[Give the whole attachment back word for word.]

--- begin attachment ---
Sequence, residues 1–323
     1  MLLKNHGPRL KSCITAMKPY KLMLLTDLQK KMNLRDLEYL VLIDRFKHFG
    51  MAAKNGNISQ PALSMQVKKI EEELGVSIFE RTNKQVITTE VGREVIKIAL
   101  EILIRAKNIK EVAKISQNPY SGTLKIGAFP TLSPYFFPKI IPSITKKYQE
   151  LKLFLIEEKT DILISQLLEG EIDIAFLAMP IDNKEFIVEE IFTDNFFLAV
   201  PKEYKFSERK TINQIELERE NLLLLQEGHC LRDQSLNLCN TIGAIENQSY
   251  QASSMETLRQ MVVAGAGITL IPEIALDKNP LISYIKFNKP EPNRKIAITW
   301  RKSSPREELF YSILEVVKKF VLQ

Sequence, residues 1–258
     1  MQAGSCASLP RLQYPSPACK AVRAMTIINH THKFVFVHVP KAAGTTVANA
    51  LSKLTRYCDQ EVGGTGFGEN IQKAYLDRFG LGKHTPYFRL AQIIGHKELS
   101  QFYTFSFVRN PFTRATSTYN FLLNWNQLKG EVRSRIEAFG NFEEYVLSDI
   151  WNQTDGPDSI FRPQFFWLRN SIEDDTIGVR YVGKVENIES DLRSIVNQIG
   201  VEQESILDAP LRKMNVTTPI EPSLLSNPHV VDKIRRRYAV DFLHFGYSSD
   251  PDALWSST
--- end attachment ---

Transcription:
Sequence, residues 1–323
     1  MLLKNHGPRL KSCITAMKPY KLMLLTDLQK KMNLRDLEYL VLIDRFKHFG
    51  MAAKNGNISQ PALSMQVKKI EEELGVSIFE RTNKQVITTE VGREVIKIAL
   101  EILIRAKNIK EVAKISQNPY SGTLKIGAFP TLSPYFFPKI IPSITKKYQE
   151  LKLFLIEEKT DILISQLLEG EIDIAFLAMP IDNKEFIVEE IFTDNFFLAV
   201  PKEYKFSERK TINQIELERE NLLLLQEGHC LRDQSLNLCN TIGAIENQSY
   251  QASSMETLRQ MVVAGAGITL IPEIALDKNP LISYIKFNKP EPNRKIAITW
   301  RKSSPREELF YSILEVVKKF VLQ

Sequence, residues 1–258
     1  MQAGSCASLP RLQYPSPACK AVRAMTIINH THKFVFVHVP KAAGTTVANA
    51  LSKLTRYCDQ EVGGTGFGEN IQKAYLDRFG LGKHTPYFRL AQIIGHKELS
   101  QFYTFSFVRN PFTRATSTYN FLLNWNQLKG EVRSRIEAFG NFEEYVLSDI
   151  WNQTDGPDSI FRPQFFWLRN SIEDDTIGVR YVGKVENIES DLRSIVNQIG
   201  VEQESILDAP LRKMNVTTPI EPSLLSNPHV VDKIRRRYAV DFLHFGYSSD
   251  PDALWSST